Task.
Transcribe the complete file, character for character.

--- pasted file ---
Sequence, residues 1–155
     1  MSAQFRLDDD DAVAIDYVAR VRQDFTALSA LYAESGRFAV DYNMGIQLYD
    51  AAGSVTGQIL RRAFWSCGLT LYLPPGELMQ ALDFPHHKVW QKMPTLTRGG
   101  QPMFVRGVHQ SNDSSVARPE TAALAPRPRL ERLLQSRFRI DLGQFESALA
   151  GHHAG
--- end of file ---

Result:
Sequence, residues 1–155
     1  MSAQFRLDDD DAVAIDYVAR VRQDFTALSA LYAESGRFAV DYNMGIQLYD
    51  AAGSVTGQIL RRAFWSCGLT LYLPPGELMQ ALDFPHHKVW QKMPTLTRGG
   101  QPMFVRGVHQ SNDSSVARPE TAALAPRPRL ERLLQSRFRI DLGQFESALA
   151  GHHAG